Is there any point in even discussing the "quality" of Shark Night 3D?
Well, there is, in the sense that you probably want to know: Is Shark Night a monster B-movie that celebrates it own trashiness (a la Piranha 3D) or is it one of those horror flicks that fails to recognized its own innate cheesiness - and ends up being bad in a not-fun way?
Based on the Shark Night 3D trailer and the recently-released collection of clips, the answer seems to be "a bit of both." It has the same setup as Piranha - pretty, no-name actors and actresses on vacation get chomped up by killer fish (here, rare fresh-water sharks) - and director David R. Ellis (Snakes on a Plane, the second and fourth Final Destination movies) was clearly aware that he was shooting a "glorified" exploitation flick when he made this.
The acting in Shark Night 3D looks as hokey as you'd expect, but it also seems like the film could've used some more experienced stars, similar to those in Piranha 3D (ex. Elisabeth Shue, Ving Rhames, Christopher Lloyd) who really have that self-aware, tongue-in-cheek style down pat.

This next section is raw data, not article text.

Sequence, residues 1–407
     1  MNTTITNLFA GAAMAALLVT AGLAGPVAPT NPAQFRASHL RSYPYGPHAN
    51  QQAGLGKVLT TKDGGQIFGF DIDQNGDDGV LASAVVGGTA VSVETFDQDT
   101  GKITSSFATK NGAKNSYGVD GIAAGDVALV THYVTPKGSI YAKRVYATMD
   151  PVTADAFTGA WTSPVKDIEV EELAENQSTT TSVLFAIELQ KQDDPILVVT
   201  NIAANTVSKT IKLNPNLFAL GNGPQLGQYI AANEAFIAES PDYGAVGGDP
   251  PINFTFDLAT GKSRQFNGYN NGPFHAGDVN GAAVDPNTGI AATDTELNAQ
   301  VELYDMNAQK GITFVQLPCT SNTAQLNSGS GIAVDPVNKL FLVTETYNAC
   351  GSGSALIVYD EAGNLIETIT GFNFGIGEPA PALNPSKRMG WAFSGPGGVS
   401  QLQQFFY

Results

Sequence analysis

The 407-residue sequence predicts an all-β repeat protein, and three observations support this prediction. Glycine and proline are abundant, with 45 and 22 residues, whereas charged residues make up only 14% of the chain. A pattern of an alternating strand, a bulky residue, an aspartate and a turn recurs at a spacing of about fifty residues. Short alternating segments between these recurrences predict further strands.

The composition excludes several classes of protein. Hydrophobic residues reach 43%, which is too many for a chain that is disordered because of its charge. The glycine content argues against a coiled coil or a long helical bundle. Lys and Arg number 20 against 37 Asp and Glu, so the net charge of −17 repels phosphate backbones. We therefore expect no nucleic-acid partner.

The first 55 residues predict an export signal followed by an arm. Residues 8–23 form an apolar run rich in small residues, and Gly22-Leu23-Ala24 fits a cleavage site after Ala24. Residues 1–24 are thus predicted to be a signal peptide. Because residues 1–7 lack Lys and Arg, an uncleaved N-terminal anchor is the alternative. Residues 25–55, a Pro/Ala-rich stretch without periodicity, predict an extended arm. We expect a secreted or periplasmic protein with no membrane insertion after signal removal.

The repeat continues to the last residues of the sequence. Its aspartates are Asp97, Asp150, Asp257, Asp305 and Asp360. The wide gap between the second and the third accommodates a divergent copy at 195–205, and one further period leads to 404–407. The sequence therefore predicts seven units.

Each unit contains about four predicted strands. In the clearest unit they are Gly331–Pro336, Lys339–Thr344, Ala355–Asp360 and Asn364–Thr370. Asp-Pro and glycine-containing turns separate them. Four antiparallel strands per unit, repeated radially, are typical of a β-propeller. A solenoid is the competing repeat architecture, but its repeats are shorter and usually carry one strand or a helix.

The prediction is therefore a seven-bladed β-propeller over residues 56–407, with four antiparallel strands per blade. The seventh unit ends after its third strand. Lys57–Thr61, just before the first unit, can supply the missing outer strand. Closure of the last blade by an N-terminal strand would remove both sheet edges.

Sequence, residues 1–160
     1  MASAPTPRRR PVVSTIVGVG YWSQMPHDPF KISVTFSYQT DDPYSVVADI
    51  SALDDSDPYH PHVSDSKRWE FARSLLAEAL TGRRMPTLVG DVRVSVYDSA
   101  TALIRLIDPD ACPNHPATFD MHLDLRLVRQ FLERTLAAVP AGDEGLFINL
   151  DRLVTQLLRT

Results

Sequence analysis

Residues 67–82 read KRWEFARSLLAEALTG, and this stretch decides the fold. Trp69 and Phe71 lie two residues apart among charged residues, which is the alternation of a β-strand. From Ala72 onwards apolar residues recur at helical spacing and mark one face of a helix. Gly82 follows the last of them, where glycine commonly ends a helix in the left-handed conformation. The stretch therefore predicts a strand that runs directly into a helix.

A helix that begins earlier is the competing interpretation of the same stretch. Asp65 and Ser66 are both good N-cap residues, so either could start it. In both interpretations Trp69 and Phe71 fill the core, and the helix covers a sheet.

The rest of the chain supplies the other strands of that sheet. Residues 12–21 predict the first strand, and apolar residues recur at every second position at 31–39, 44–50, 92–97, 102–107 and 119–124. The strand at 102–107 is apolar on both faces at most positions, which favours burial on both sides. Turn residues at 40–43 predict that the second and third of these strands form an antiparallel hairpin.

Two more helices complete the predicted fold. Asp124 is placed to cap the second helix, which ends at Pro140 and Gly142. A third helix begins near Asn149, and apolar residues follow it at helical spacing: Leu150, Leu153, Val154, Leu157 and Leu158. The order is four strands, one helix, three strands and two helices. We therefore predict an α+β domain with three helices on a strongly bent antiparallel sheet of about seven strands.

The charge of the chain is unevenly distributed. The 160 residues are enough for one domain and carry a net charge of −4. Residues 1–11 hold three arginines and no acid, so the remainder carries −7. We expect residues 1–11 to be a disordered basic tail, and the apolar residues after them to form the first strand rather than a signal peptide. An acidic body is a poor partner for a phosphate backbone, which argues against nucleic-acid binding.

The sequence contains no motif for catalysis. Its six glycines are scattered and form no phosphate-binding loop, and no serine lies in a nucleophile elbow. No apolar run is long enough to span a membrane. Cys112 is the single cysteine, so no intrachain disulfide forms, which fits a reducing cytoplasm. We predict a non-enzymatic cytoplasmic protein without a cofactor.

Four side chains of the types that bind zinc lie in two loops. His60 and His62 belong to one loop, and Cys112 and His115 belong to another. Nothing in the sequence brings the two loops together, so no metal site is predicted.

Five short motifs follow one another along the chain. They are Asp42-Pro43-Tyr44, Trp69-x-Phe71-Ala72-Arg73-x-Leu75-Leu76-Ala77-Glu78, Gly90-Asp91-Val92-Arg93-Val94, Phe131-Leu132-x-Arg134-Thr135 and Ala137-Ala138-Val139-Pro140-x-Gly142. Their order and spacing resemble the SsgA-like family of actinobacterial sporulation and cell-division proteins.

With that said - enjoy the following clips from Shark Night 3D (via MTV and Yahoo! Movies) for all their delicious goofiness:
Here's a fun drinking game idea for those planning to either watch Shark Night 3D at home, or by sneaking some sort of intoxicating beverage (heck, even plain soda will work) into the theater: take a shot every time a gratuitous camera angle of a woman in a bikini or a horror movie cliché (ex. when the sharks go after the token black guy first) pops up. Be careful, though, you'll probably pass out after the first ten minutes.
There is one big factor working against the film: it's Rated PG-13. Seriously, what's the point of releasing a movie called Shark Night 3D if you've not going to go the whole nine yards and feature tons of R-Rated gore and nudity? It's not as though it's difficult to hit the lowest-common denominator, when you're aiming for it.
Shark Night 3D arrives in 2D and (you guessed it) 3D theaters around the U.S. on September 2nd, 2011.
Source: Relativity Media (via MTV and Yahoo! Movies)